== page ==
Mental Health: Prioritising children and adolescents


  • Focus
  • Sunday, 11 Oct 2020

Policymakers can play a proactive role with all stakeholders to expand mental health infrastructure for all children, particularly B40 and rural communities, building on the bipartisan consensus on this issue.

WORLD Mental Health Day comes at a time of unprecedented crisis and stressors brought about by the Covid-19 pandemic this year. The virus has not only transformed how we function in society, but also impacted on our individual and collective psychological well-being. In fact, the emotional impacts of the virus have raised concerns that the next pandemic is mental health challenges.

Though the virus itself poses greater health risks for older populations, emotional ramifications may stand to affect younger people more. This is because dependent children and adolescents are often confronting their own emotional stressors alongside that of their parents in this pandemic. The adverse consequences are worse as their traditional school support system has been severely disrupted due to lockdown restrictions.

Negative impacts

There are various stressors resulting from the pandemic affecting children and adolescents across every age group. Foremost, there is widespread anxiety due to the fear of contracting the virus and harming themselves or family members, particularly as elderly grandparents often live under the same roof in Asian families. Add to this the general uncertainty facing older adolescents – youth – about future university and work plans.

Moreover, young students have an uphill task adjusting to online learning methods that challenge their traditional teacher-student-peer interactions, which is further accentuated by the digital divide impeding data access in the B40 economic group. Not only that, children and adolescents have limited playtime, sports and physical activities with peers in public places due to physical distancing rules. This may lead to their growing sense of isolation and detachment from traditional support systems.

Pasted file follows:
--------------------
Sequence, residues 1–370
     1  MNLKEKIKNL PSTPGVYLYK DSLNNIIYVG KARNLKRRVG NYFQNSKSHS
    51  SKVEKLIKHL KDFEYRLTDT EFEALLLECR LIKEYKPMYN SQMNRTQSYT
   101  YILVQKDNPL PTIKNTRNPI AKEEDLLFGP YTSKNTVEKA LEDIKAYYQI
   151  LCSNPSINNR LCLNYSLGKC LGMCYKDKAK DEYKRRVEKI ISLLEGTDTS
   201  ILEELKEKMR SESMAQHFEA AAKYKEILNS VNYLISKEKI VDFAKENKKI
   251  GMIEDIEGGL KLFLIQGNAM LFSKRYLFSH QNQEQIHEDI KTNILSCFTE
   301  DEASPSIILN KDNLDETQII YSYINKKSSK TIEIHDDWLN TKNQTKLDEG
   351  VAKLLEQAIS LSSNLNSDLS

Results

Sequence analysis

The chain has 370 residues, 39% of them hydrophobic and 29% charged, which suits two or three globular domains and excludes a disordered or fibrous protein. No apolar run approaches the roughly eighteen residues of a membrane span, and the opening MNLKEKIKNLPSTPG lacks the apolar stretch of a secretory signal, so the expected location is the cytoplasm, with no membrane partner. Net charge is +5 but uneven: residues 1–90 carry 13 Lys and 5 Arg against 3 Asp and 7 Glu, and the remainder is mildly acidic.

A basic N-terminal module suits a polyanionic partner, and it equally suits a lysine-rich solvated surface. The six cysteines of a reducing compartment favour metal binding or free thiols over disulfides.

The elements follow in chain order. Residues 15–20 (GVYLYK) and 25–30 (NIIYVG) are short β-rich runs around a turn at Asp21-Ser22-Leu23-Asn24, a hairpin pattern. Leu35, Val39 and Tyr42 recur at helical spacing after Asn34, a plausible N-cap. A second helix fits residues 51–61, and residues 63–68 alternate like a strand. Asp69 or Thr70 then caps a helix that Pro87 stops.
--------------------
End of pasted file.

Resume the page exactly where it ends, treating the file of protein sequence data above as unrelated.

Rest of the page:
In many cases, children and adolescents have to bear the brunt of their parents’ financial hardships, frustrations and distress arising from the pandemic. This may include exposure to interfamilial conflicts and anger at home, sometimes resulting in neglect, abuse and aggression against minors. The pandemic further disrupts their healthy upbringing by increasing the risk of violence by adults.

Long-term effects

Children and adolescents have inalienable rights for physical and mental health, safety and protection, and education and playtime, all of which are threatened by the pandemic. The long-term adverse effects of emotional stressors can undermine their success in the community- school, workplace and society. Indeed, their unresolved emotional distress amidst the crisis today raises the risk of future mental health disorders.

Mental health challenges in adulthood often have origins in developmental years, including troubled childhood and adolescents. Many social problems we face today arguably have intergenerational backgrounds, for instance, witnessing and experiencing physical abuse within the family by individuals during earlier years increases risks of perpetrating intimate partner violence later in life. Similarly, violence and extremism often have childhood and adolescence history.